Tesla CEO Elon Musk recently opened up about the death of his firstborn son in 2018 through an email exchange that was made public with the parent of a driver who died in a Tesla crash.
"There is nothing worse than losing a child," Musk wrote in an email to James Riley dated May 10, 2018, reported Business Insider. This email exchange was recently released in a court case filed against Tesla.
In 2018, Riley's 18-year-old son Barrett Riley and his friend died in a car crash when he lost control of a Tesla Model S going about 116 miles per hour and crashed into a concrete wall in Florida.
Incidentally, Musk ensures accountability for every product that he lays out in the market. This time, he has grabbed the headlines for having a magnanimous, empathetic and vulnerable side.
The duty of a leader is to serve their people, not for the people to serve them— Elon Musk (@elonmusk) February 11, 2022
The series of emails spanning almost seven weeks offers a glimpse into Musk’s personal involvement in customer relations around a horrific accident. He even brings up his own loss, one he has rarely discussed in public.
“My firstborn son died in my arms. I felt his last heartbeat,” Elon Musk wrote, referring to his son Nevada Alexander Musk who died when he was 10 weeks old.
Musk fulfilled Riley’s request that the car company tweak a computerized feature to make it easier for parents to control the maximum speed a Tesla will go.
In June 2018, Tesla sent out a software update to its speed limit feature that would let drivers set the maximum speed between 50 mph and 90 mph through the car’s smartphone app or user interface through a four-digit PIN. Language in the owner’s manual was updated to say the feature was dedicated in the memory of Barrett Riley, reported Bloomberg.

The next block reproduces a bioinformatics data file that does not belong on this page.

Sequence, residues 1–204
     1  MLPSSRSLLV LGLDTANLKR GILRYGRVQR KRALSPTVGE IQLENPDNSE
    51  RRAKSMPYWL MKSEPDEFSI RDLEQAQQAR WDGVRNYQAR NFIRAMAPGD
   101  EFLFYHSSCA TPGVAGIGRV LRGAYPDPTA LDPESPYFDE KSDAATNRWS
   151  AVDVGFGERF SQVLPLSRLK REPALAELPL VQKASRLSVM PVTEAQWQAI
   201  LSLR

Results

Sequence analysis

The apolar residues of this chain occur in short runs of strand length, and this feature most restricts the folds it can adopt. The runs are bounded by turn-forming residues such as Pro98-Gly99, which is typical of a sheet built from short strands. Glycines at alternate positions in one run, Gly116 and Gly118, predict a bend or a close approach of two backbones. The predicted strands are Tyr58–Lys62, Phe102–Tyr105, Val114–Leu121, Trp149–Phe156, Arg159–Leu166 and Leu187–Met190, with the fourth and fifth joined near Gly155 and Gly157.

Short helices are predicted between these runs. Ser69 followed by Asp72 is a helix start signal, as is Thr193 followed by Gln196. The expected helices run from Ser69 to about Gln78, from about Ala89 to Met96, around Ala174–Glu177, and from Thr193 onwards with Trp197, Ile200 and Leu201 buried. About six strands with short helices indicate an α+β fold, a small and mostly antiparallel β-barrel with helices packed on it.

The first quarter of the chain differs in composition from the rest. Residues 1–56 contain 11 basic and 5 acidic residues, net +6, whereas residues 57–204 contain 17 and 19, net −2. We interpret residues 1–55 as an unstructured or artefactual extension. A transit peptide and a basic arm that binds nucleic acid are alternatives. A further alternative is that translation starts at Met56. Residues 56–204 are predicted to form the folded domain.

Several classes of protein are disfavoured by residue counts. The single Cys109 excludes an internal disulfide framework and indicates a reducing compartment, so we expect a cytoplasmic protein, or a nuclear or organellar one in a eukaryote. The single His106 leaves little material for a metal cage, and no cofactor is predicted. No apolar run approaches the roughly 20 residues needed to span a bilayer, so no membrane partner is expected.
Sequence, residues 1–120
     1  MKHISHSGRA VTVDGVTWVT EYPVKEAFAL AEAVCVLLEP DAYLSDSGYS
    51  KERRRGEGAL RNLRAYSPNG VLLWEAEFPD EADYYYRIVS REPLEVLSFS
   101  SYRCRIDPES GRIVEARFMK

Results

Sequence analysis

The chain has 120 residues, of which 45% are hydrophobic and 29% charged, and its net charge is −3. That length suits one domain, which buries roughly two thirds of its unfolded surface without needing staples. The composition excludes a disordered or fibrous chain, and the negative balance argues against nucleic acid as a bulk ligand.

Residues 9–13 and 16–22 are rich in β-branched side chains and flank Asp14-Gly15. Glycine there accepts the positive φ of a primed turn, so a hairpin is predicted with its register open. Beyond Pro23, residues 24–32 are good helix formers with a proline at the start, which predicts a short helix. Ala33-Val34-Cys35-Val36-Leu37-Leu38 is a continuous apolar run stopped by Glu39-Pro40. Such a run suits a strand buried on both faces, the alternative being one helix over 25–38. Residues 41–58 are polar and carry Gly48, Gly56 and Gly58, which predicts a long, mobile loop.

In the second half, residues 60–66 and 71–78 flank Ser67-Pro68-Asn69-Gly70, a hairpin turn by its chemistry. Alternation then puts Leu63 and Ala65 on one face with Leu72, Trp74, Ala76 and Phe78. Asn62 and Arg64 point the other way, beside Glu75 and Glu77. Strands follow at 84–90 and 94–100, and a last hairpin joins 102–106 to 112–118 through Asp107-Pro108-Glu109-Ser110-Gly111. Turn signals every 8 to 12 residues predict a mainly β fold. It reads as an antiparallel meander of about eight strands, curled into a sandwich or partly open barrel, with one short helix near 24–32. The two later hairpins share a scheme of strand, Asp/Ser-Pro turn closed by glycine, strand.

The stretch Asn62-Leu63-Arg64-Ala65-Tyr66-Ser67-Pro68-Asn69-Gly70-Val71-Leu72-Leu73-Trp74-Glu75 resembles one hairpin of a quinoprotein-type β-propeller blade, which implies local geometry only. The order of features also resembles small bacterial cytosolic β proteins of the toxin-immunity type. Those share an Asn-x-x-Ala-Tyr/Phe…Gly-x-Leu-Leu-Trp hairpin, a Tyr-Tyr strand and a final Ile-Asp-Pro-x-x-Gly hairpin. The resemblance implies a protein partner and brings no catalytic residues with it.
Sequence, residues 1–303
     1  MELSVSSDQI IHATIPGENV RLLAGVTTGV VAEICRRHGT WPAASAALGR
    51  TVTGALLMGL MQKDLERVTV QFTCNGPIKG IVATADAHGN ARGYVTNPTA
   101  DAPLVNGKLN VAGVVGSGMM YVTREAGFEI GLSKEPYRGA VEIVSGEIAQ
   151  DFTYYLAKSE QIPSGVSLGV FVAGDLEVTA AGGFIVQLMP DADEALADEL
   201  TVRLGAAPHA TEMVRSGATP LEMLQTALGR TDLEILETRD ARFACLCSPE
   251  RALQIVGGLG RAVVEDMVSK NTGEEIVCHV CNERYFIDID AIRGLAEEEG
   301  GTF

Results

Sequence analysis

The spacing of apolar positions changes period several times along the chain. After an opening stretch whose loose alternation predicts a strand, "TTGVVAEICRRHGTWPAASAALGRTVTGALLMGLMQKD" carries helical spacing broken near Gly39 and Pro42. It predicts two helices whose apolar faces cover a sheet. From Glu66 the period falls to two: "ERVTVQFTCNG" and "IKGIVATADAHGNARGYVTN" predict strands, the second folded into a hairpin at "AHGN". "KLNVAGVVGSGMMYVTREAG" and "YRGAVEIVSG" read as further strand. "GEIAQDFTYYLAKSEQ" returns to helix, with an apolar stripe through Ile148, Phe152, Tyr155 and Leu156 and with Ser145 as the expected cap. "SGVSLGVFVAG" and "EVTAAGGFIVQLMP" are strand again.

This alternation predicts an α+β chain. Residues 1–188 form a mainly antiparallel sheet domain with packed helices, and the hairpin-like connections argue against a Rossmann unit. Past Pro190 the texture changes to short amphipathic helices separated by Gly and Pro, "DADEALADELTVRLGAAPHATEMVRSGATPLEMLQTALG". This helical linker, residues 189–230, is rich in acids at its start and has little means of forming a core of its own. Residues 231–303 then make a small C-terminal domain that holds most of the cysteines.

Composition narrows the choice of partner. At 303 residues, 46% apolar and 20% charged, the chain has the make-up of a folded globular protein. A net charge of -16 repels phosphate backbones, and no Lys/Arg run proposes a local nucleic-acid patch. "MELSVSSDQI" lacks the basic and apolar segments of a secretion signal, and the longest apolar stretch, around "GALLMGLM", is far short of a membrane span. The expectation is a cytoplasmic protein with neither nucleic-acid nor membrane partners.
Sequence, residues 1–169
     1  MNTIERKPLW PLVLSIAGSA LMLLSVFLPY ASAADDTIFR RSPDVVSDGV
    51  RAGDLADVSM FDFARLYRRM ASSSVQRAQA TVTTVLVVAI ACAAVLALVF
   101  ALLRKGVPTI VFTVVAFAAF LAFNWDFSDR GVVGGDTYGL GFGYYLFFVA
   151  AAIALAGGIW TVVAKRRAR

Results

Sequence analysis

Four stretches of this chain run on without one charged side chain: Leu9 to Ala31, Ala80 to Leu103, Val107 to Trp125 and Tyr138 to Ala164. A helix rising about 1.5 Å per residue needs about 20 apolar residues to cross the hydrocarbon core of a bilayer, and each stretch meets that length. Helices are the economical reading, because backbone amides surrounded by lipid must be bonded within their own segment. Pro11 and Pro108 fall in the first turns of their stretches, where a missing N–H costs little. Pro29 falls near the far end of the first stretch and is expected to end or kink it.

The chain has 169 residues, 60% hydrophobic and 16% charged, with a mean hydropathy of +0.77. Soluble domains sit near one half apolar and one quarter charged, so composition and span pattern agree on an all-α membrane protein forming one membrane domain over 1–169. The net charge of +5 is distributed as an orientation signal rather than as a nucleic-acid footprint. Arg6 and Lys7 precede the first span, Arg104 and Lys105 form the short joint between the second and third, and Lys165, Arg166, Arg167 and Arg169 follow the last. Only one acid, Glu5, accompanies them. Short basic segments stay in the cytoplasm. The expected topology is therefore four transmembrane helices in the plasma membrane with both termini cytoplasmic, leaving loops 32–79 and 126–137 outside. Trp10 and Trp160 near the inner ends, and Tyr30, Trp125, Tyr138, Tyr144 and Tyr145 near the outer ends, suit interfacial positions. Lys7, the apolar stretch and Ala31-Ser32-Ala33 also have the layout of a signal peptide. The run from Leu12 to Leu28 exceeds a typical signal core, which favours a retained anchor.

Musk also told Riley that Tesla “is doing everything we can to improve safety. My friends, family and I all drive Teslas, and even if they didn’t I would still do everything I could.”
Almost two years after the email exchange, Riley filed a product liability suit against Tesla in a Florida federal court. His Tesla vehicle’s “burst into an uncontrollable and fatal fire” after the crash, according to the complaint. “Barrett Riley was killed by the battery fire, not by the accident,” he said.
According to the complaint, Riley had asked Tesla to install a speed limiter device in its car for his son’s safety, but it was removed without permission when the car was taken to Tesla to be serviced.
Riley pointed out that if it wasn’t for Tesla’s negligence, the limiter would have prevented the accident and “Barrett Riley would be alive today.”
Currently, the lawyer in the ongoing court case is trying to persuade a judge to order Musk to submit to questioning about Tesla’s Autopilot assisted-driving feature.